Math 415: Honors Analysis I

Fall 2018


Real Analysis, N. L. Carothers,

Cambridge University Press, 2000.


Course Description

Our goal is to cover the first half of the textbook (Chapters 1-11), with some exceptions and amendments. Major topics to be addressed are likely to include:

_       Construction of real numbers.

_       Topology of metric spaces, normed vector spaces. Open and closed sets, sequences and limits.

_       Bounded linear transformations. The derivative as a linear transformation.

_       Properties of compact metric spaces. The Heine-Borel Theorem. The Bolzano-Weierstrass Theorem.

_       Continuous functions, connectedness and completeness. Contraction Mapping Principle and applications. Inverse and Implicit function theorems.

_       Baire category theorem.

_       Sequences and series of functions. Uniform convergence. The Arzela-Ascoli theorem. The Weierstrass approximation theorem.


Hang Xu


Office Location: Krieger Hall Rm 220

Office Hours: W 3:00-5:00

Course Assistant

Cheng Zhang


Office Hours: Th 9-11 am at Krieger Hall 213


MW 1:30-2:45 at Maryland 309


F 1:30-2:20 at Hodson 311



is based on 350 points distributed as follows:

11 homework problem sets, worth 10 points each, due in the section on the following Friday. The lowest score will be dropped.

Midterm on October 10 in lecture, worth 100 points.

Final 9 am-12 pm on December 13, worth 150 points.


Course Policies

No late homework is accepted. Staple your problem sets! Study groups are encouraged, but homework has to be written down independently.

No makeup exam in this course. If you have to miss an exam for a documented, legitimate reason, please inform me as early in the semester as possible.

You are responsible for lecture notes, any course material handed out, and attendance in class. The lectures will be conducted as if you have already read the material and attempted some homework problems. In this manner, you can focus mainly on those parts of the lectures that cover the areas of your reading you found difficulty to understand.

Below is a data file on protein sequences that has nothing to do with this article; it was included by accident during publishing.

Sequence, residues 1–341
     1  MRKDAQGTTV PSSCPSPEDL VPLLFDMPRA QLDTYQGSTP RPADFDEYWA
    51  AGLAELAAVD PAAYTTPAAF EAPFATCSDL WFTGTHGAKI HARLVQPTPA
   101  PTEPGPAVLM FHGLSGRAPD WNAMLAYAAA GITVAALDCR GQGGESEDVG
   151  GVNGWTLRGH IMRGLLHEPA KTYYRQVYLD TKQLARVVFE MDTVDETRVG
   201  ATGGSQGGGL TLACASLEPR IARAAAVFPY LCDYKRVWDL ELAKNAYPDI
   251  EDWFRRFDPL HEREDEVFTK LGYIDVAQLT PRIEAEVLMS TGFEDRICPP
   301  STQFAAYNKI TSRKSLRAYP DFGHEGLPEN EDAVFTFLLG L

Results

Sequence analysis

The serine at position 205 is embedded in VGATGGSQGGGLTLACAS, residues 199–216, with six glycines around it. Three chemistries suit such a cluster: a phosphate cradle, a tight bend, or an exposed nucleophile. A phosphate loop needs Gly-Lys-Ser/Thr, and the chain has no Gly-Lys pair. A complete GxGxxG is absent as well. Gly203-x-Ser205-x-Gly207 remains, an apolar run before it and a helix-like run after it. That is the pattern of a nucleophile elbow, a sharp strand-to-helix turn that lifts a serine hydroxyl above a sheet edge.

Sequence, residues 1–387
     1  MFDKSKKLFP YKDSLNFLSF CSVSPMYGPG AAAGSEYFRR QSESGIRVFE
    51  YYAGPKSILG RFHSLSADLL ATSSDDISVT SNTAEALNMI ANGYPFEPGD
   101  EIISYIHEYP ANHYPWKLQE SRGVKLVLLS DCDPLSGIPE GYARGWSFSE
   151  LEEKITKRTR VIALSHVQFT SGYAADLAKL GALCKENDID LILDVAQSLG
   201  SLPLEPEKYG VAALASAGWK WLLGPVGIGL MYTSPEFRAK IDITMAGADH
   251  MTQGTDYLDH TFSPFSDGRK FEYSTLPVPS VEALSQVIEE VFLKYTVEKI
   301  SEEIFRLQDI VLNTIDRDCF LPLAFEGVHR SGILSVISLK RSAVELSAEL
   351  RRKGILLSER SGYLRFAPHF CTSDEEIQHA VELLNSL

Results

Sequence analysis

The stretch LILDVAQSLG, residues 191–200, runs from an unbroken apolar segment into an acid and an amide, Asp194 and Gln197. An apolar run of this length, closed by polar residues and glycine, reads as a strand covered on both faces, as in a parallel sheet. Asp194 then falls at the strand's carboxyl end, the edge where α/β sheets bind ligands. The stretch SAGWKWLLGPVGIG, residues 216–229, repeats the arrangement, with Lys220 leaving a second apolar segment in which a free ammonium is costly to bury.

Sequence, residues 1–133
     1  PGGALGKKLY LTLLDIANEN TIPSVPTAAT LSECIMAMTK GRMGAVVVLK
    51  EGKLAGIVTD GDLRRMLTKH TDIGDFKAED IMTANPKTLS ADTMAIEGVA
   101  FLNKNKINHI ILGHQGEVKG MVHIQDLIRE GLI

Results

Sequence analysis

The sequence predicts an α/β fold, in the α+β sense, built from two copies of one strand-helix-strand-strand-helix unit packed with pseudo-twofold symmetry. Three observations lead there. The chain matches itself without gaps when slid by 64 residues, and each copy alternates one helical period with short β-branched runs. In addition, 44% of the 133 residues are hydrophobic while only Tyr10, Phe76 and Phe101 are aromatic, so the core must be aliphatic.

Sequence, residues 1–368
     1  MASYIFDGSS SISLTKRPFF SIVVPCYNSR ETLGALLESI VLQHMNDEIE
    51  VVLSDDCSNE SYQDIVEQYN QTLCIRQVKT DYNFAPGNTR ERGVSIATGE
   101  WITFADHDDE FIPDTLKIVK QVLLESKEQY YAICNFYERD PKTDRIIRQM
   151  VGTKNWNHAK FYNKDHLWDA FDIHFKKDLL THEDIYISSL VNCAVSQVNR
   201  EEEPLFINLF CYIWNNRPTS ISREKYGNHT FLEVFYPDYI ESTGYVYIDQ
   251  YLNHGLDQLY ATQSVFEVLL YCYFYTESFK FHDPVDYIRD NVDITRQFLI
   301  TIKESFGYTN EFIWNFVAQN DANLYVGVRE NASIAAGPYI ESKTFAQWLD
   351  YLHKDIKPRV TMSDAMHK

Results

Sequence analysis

If you have any math questions, please feel free to ask me anytime. You can find me after lectures, in office hours, or you can reach me by email.


Help Room

Krieger Hall 213. The hours are 9am – 9pm on Monday through Thursday, and 9am – 5pm on Friday. This free service is a very valuable way to get one-on-one help on the current material of a class from other students outside the course. It is staffed by graduate students and advanced undergraduates. Outside of me and the Grader for the course, definitely take your questions to the Help Room. This course is simply an analysis course directed toward particular maps and differential equations. Most graduate students should be able to "see" through the many problems stated in this course. And your attempts to help guide them will be of huge benefit to you also. 


Students with disabilities

Students with documented disabilities or other special needs who require accommodation must obtain an accommodation letter from Student Disability Services, 385 Garland, (410)516-4720, After that, remind the instructor of the specific needs at two weeks prior to each exam; the instructor must be provided with the official letter stating all the needs from Student Disability Services.


JHU ethics statement

The strength of the university depends on academic and personal integrity. In this course, you must be honest and truthful. Ethical violations include cheating on exams, plagiarism, reuse of assignments, improper use of the Internet and electronic devices, unauthorized collaboration, alteration of graded assignments, forgery and falsification, lying, facilitating academic dishonesty, and unfair competition.

Report any violations you witness to the instructor. You may consult the associate dean of student affairs and/or the chairman of the Ethics Board beforehand. See the guide on “Academic Ethics for Undergraduates” and the Ethics Board Web site ( for more information.


Tentative Schedule (will be updated as the course progresses)

Homework will be posted by every Monday and due in the section on the next Friday.

Week 1 (8/30): Chapter 1

Week 2 (9/5): Chapter 1 and Chapter 2

Homework 1: chapter 1, problems: 3, 7, 15, 17, 37, 45, 46.

Week 3 (9/10 & 9/12): Chapter 2 and Chapter 3

Homework 1 due.

Homework 2: chapter 2, problems 3, 7, 8, 16, 17, 18.

Week 4 (9/17 & 9/19): Chapter 3 and Chapter 4

Homework 2 due.

Homework 3: chapter 2, problems 22, 23, 26, 29, 30, 32, 33.

Week 5 (9/24 & 9/26): Chapter 3

Read 3.1, 3.2

Homework 3 due.

Homework 4:  chapter 3, Problems: 6, 15, 22, 23, 25, 31, 37


Week 6 (10/1 & 10/3): Chapter 5 and Chapter 6

Read 3.3

Homework 4 due.

Homework 5 (part a): chapter 4, Problems: 1, 3, 5, 8.


Week 7 (10/8 & 10/10): Chapter 6 and Midterm

Midterm on Wednesday in class

Homework 5 (part b): chapter 4, Problems: 11, 18, 33, 34, 41, 46, 48

No homework due.


Week 8 (10/15 & 10/17): Chapter 7

Homework 5 due.

Homework 6:   


Week 9 (10/22 & 10/24): Chapter 7 and Chapter 8

Homework 6 due.

Homework 7:   

Week 10 (10/29 & 10/31): Chapter 8 and Chapter 9

Homework 7 due.

Homework 8:

Week 11 (11/5 & 11/7): Chapter 9 and Chapter 10

Homework 8 due.

Homework 9:

Week 12 (11/12 & 11/14): Chapter 10 and Chapter 11

Homework 9 due.

Homework 10:

Week 13 (11/19 & 11/21) Thanksgiving Vacation

Week 14 (11/26 & 11/28): Chapter 11 and Chapter 12

Homework 10 due.

Homework 11:

Week 15 (12/3 & 12/5): Chapter 12

Homework 11 due.


Final Exam